Sunday, September 10, 2023
Our family likes to go tent camping at least once a year, and we had the opportunity to do so just down the way at Hecksher State Park a few days before school started last week. Being Labor Day weekend, the campground started filling up on Friday night. Have you ever tried to set up a tent in the dark? It is not so easy, right?! As the sun was setting and we were enjoying our campfire, I was looking at a family across the way who were obviously struggling to set up their tent. It was like as it got darker, their voices got louder and more frustrated! I don’t think they went camping very often from how it looked, and it also didn’t look like their tent was the easiest to set up in the first place, much less doing it in the dark. Oh I’ve been there, before; saying things I shouldn’t to my loved ones and getting bent out of shape because you just want to be done but you can’t eat or sleep or roast marshmallows until you’ve set up that darn tent! Living together isn’t easy all of the time as families; and camping outside takes it to a whole ‘nother level.
For the next few weeks, we will be looking at Jesus’ teachings on forgiveness in the gospel of Matthew. As a pastor, forgiveness is probably the topic I get asked about more than any other topic. “How can I forgive so and so after what they’ve done to me?” “I don’t know if I can ever forgive myself.” “Would Jesus really want me to forgive in this situation?” “Can you really forgive and not forget?” “Why is forgiving so hard to do?” These are just some of the questions that I hear often when it comes to talking about forgiveness. We have all been there – saying something we wish we could take back, holding a grudge, struggling to forgive and to ask for forgiveness. Maybe we’ve even said something like, “I will NEVER forgive you!” We might think of relationships that are less than healthy in our lives because of the hurt we have caused each other. Jesus knows: all of us need forgiveness, and all of us struggle to forgive.
When Jesus starts out his teaching on forgiveness, he focuses on the community, not the individual. And, he focuses not the difficulty of forgiving first, but on confronting the person who’s hurt you instead of holding onto hurt. Keep in mind, he and his disciples have been camping out together, traveling in close quarters for perhaps two or three years at this point in Matthew’s gospel. They may have even tried to set up a tent in the dark together. Jesus’ disciples are made up of people on complete opposite ends of the political spectrum, from Simon the Zealot, a member of a Jewish religious order who trained to violently overthrow the Roman government, to Matthew the tax collector who worked closely with Roman officials. There are twelve of them – away from their families, which means twelve different opinions, twelve different living habits, and so on! There were BOUND to be conflicts. The disciples would have learned well the old adage, “we hurt the ones we love the most” in their relationships with each other.
With that background understanding, then, Jesus gives his disciples (including us!) some practical advice on working through conflict and practicing forgiveness. Think for a minute on how you deal with conflict. If we are honest, most of us don’t handle conflict well all of the time. We may take the “say nothing” conflict avoidance approach, bending over backwards to let the other person’s way of doing things dominate and holding our issues in until we explode in anger or completely leave the relationship. We may go the opposite extreme and start out on the defensive attack, pushing the other person away from working on an issue together because we’ve only laid blame and not accepted any responsibility for how we’ve contributed to the conflict. Conflict resolution is not easy! But it happens – it’s a reality of life and living in relationships. Our relationships with each other can become stronger when we work through conflict. It’s better to work things out than to let a relationship slide so far into disrepair that the relationship is totally damaged. Jesus is concerned about the harmony, the FELLOWSHIP, of the Christian church. If 12 of his followers can’t get along, how can they possibly help model and teach about Christ’s reconciliation and forgiveness with others?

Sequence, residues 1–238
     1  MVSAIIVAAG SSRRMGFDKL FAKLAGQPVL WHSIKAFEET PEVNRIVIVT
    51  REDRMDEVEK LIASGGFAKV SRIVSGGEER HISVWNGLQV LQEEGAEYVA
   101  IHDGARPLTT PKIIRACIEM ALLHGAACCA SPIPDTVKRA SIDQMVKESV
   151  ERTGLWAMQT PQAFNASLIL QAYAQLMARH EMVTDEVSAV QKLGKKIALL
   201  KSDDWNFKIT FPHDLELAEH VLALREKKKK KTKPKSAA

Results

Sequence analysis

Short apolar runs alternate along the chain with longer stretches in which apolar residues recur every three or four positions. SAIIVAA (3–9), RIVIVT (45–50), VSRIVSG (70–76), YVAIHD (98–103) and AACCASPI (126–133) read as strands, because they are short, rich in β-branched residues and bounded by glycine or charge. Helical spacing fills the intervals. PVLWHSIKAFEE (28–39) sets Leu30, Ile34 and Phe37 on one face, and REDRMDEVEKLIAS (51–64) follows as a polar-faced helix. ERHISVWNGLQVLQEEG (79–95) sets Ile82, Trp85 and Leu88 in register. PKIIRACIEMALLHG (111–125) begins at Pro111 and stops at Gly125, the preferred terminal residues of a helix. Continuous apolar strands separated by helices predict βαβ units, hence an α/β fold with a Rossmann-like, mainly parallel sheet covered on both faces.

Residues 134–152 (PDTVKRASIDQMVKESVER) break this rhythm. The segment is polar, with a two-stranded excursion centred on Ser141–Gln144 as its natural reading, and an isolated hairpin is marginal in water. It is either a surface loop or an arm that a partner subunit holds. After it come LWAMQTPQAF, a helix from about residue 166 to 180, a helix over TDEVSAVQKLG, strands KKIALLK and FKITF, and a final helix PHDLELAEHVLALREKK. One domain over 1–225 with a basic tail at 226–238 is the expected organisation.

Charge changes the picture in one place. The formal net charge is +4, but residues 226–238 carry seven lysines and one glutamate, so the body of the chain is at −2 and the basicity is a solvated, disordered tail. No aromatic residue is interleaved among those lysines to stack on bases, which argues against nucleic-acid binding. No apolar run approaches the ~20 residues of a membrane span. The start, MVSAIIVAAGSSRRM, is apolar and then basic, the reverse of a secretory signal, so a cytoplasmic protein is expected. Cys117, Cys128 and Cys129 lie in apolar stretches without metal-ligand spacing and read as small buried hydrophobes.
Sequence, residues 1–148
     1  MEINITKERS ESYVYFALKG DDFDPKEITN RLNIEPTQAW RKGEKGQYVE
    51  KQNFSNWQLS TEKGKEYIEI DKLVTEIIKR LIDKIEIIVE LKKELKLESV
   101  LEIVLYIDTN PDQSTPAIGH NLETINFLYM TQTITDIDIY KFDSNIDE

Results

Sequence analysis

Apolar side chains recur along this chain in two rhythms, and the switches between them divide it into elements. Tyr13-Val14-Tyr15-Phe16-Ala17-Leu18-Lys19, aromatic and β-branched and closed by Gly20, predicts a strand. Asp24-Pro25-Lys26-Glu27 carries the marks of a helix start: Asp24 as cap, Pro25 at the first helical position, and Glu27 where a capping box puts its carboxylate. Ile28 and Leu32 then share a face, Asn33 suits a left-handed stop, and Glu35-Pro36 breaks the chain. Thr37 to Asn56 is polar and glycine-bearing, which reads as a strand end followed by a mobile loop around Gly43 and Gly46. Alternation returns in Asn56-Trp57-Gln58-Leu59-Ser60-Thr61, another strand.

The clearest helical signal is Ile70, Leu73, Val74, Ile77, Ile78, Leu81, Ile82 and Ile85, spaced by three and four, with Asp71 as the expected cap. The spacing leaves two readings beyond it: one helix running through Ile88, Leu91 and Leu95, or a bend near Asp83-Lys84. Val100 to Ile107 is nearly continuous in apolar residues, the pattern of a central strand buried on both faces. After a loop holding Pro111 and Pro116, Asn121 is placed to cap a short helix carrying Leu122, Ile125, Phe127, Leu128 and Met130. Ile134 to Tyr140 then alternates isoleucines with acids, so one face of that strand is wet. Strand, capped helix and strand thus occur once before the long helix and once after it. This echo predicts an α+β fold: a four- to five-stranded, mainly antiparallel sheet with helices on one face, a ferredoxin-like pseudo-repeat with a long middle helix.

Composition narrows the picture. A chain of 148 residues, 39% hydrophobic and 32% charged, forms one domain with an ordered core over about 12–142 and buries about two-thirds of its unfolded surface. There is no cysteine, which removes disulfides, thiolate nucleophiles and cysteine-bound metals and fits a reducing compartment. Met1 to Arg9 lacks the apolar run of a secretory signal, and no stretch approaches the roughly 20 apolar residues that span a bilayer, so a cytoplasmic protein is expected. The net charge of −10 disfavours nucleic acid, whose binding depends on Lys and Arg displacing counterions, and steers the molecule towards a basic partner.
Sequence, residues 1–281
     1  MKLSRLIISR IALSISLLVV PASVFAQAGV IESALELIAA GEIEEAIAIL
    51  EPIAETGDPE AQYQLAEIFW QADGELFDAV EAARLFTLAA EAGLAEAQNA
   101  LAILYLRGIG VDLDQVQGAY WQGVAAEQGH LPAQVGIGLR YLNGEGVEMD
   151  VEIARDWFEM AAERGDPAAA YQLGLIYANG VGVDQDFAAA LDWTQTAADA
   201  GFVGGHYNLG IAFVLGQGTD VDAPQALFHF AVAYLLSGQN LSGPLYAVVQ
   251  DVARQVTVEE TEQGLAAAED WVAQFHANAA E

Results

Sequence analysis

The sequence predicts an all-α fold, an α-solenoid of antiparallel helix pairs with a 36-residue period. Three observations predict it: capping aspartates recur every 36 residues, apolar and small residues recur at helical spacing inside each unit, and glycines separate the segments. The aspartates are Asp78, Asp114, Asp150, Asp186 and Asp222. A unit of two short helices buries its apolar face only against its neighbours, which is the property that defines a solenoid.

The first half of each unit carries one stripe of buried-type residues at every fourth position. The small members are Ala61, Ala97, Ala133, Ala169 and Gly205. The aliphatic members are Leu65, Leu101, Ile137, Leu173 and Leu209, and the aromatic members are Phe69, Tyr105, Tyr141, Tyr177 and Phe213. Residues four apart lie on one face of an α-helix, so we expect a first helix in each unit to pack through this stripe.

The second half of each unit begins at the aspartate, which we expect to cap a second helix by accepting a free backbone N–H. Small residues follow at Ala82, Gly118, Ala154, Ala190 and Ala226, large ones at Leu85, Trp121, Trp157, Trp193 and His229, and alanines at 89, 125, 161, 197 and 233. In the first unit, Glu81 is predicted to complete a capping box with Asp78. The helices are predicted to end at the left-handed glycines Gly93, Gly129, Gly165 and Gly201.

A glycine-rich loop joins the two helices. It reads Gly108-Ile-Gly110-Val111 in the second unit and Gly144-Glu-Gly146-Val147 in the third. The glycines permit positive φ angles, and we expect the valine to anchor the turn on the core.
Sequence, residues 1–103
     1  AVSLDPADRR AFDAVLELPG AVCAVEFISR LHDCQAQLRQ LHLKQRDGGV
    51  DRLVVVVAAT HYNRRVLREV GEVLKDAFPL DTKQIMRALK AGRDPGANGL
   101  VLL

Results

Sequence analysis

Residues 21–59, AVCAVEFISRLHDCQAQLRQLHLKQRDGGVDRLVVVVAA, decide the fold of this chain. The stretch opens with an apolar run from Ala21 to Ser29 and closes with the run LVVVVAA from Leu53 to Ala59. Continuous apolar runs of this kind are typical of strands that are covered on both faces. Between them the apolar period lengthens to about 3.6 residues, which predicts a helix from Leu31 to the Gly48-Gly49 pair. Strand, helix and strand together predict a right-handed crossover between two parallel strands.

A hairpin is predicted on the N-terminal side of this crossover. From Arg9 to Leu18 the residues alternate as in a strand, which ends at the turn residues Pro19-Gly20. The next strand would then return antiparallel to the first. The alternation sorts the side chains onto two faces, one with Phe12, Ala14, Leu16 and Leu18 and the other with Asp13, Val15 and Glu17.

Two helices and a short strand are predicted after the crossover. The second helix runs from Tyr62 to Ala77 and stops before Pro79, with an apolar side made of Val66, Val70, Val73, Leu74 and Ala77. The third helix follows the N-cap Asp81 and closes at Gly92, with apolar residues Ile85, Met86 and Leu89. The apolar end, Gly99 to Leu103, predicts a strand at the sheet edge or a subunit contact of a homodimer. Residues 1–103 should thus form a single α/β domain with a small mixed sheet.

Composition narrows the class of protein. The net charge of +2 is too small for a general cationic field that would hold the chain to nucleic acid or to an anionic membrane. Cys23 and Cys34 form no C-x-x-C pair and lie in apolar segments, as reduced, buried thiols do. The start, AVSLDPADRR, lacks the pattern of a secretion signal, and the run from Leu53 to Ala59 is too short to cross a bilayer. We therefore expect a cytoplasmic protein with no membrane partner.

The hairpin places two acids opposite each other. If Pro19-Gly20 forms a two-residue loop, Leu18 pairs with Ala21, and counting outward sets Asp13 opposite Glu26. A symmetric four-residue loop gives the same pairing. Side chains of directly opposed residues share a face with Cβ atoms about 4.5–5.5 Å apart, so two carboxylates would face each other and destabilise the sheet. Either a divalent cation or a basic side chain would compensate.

On my pastoral internship at Bethel Lutheran Church in St. Louis, there was a wise retired pastor there, Karl Boehmke, who wrote a book called, Forgiveness: Never Easy/Always Possible. He retells stories of the Bible and connects them to life today in ways that make sense. I want to share with you an excerpt from his book on Matthew 18, told from the perspective of Matthew the disciple: (pp.160-162). The point, Pastor Boehmke goes on to say, is about Christ giving us the courage to take the first step toward reconciliation and communicate with one another. The relationship is more important! Our unity in Christ is more important!
I have found Jesus’ model of talking about issues directly to be as useful and powerful a tool today working in the church as I’m sure it was with Jesus and his disciples. His model is not just for the church, but can work in families, in other organizations and businesses alike. Like forgiveness, addressing conflict is usually painful and necessary, but also worth it. In working through conflict, Jesus assures us he is there among us, where two or three are gathered. He helps us get back to the business of being the church; this unique community organization where anyone – rich, poor, old, young, different languages and races all come together to do God’s work with our hands, as we sang in our opening hymn today. Forgiveness is never easy, but always possible! Amen.
Forgiveness: Never Easy/Always Possible. A. Karl Boehmke. Minneapolis: Two Harbors Press, (2010).